2016 proved to be a significant year for international football in Oceania, highlighted by the OFC Nations Cup and opening Round 3 action in 2018 FIFA World Cup Russia™ qualifying. The headline news was New Zealand winning the continental tournament in an event which doubled as Round 2 qualifying for Russia 2018. That result also allowed the All Whites to qualify for the FIFA Confederations Cup Russia 2017.
But dig a little deeper and the main theme was the increased level of competition among Oceanian nations. Papua New Guinea pushed New Zealand to the very limit in the Nations Cup before falling on penalties, while New Caledonia were hugely unlucky to lose against the eventual champions in the semi-final.
Six nations remain in the hunt for a ticket to Russia 2018. Two groups of three will be completed over the coming year, before an Oceania final determines the identity of the side to compete in the intercontinental play-off against the fifth-best South American nation late in 2017. FIFA.com reviews the 2016 action, and looks ahead to what lies in store for the coming year.
Just for continental crown
Mid-year saw Papua New Guinea host the Nations Cup for the first time, a precursor to their successful staging of the FIFA U-20 Women’s World Cup in November/December. PNG not only reached the semi-final stage for the first time, but won through to the final to be in touching distance of a continental glory and an unlikely ticket to Russia 2017. But it was to be New Zealand, despite missing a handful of key players, who triumphed 4-2 on penalties after 120 scoreless minutes in the decider.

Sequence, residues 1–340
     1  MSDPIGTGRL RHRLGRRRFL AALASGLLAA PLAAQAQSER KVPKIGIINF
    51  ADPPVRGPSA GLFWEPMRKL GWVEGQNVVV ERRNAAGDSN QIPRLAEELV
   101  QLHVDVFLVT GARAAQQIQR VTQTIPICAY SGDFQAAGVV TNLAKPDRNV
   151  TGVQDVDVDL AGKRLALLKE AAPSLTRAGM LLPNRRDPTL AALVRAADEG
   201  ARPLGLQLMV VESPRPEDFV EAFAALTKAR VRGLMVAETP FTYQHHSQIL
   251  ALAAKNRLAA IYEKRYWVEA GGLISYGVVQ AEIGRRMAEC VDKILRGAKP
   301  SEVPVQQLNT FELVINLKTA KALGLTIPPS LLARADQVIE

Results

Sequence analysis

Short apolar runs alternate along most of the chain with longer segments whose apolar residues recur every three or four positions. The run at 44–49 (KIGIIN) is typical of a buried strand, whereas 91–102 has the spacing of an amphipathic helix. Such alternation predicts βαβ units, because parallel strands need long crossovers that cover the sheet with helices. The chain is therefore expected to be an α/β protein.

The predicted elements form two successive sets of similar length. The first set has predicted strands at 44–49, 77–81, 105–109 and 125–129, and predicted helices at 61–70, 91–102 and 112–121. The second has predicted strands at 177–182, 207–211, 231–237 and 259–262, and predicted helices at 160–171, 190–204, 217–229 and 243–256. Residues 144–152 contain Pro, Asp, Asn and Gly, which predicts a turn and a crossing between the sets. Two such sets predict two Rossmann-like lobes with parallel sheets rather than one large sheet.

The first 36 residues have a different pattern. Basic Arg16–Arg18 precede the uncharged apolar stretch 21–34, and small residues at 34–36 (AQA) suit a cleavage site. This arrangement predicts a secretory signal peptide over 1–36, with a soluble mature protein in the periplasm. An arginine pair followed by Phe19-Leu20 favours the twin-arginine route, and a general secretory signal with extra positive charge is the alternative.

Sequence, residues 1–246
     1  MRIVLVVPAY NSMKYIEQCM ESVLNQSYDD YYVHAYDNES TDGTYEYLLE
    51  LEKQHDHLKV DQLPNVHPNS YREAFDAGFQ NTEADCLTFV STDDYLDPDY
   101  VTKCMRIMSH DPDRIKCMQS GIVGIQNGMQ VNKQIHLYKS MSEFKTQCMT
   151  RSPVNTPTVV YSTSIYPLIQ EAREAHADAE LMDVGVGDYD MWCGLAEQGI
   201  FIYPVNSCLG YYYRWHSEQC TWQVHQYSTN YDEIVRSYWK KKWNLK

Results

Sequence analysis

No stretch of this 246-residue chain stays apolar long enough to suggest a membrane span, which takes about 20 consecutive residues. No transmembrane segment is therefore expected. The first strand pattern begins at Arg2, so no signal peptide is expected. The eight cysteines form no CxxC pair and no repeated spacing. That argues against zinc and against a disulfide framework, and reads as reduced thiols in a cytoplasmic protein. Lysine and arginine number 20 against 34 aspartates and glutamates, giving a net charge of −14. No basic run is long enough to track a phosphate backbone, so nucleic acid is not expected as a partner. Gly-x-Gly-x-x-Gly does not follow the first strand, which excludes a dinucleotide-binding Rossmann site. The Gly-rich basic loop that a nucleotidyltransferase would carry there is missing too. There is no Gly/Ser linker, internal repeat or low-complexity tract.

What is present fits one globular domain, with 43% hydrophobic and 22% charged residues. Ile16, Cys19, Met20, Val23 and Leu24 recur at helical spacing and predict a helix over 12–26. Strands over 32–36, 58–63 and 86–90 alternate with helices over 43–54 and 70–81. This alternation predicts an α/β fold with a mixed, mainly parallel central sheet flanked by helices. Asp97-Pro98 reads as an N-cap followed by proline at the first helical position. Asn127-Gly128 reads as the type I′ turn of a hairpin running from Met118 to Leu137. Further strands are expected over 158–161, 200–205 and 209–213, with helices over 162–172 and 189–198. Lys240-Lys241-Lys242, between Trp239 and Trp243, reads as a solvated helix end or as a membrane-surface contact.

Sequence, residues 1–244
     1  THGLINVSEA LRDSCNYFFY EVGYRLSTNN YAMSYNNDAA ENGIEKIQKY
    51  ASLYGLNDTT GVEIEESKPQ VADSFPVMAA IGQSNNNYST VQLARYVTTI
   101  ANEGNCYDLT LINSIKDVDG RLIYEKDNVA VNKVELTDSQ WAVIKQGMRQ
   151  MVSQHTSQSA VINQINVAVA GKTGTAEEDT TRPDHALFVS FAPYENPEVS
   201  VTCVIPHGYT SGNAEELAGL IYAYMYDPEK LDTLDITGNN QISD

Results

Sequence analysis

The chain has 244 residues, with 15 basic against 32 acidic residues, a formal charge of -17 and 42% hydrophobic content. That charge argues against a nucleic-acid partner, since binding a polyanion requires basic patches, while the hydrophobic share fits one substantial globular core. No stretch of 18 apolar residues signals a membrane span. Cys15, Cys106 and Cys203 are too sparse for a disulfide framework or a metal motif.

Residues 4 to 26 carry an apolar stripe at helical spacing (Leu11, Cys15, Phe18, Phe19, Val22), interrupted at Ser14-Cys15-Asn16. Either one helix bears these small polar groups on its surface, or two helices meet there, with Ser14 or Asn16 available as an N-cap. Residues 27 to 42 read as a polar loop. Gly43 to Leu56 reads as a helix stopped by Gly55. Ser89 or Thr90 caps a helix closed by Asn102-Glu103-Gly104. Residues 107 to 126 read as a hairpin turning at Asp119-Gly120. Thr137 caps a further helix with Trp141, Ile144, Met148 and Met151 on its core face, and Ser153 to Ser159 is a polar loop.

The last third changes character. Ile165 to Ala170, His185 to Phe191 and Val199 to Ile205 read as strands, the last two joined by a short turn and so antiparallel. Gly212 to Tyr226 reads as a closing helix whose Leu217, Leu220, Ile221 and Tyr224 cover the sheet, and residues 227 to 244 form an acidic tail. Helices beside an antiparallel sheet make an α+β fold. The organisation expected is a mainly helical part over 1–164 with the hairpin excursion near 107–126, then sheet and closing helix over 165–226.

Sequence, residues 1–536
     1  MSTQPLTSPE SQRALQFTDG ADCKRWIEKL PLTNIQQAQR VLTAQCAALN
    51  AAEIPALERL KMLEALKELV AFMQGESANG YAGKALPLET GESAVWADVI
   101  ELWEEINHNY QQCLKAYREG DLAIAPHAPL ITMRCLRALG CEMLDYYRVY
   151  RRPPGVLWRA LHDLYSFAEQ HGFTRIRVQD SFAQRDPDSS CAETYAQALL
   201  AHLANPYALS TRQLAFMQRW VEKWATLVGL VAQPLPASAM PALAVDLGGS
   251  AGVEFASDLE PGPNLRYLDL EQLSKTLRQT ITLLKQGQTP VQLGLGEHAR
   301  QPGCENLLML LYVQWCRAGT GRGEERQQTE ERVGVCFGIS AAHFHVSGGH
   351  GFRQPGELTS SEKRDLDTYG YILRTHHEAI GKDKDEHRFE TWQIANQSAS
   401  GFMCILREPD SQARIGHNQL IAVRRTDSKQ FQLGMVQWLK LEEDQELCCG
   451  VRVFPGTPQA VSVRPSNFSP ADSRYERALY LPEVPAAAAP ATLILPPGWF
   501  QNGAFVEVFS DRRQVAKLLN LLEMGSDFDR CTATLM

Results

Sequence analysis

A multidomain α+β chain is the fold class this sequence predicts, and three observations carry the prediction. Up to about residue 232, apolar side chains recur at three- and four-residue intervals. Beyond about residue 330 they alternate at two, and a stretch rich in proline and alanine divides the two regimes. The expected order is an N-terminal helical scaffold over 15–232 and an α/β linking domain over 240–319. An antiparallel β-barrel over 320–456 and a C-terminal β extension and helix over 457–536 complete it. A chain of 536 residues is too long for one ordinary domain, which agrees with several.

Of the eight competing nations only Samoa – who qualified from Round 1 ahead of American Samoa, Cook Islands and Tonga – failed to gain a win in PNG. The host nation topped Group A on goal difference ahead of both New Caledonia and Tahiti, though all three progressed to Round 3 World Cup qualifying, as Samoa missed out.
New Zealand won all three matches in the other group as Solomon Islands and Fiji kept alive their World Cup ambitions at the expense of an unlucky Vanuatu. The Solomons’ Nations Cup run ended in the semis as PNG collected a late 2-1 win. Losing finalists Papua New Guinea had some consolation with captain David Muta named the tournament’s best player, while Raymond Gunemba was the top-scorer with five goals,
New Zealand edge in front
Round 3 commenced in November with two matches in each group. New Zealand’s early advantage was established with a comfortable 2-0 win over New Caledonia in Auckland. However, the return fixture a few days later was an entirely different affair, though a scoreless draw leaves the All Whites well placed.
Fiji, currently searching for a new coach following the resignation of Frank Farina, will commence qualifiers in March. The Melanesians face the tough task of maintaining momentum after breakthrough qualification to both the 2015 FIFA U-20 World Cup and 2016 Men’s Olympic Football Tournament.
Three-way battle looms
The second group kicked-off with two extremely tight matches as Tahiti defeated Solomon Islands 1-0 at home, before the scoreline was reversed a few days later in Honiara with an injury-time winner from Emmanuel Poila. However, the Solomons were subsequently dealt a blow after fielding an ineligible player in their opening match, and a 3-0 scoreline was awarded in favour of Tahiti.
PNG will have a taste of the action against Tahiti in March, with the newly-invigorated Kapuls looking impressive under the guidance of Flemming Serritslev. PNG’s home and away matches against Tahiti could go a long way towards deciding the winner of the group.
Story courtesy of FIFA. For more on the world game visit www.fifa.com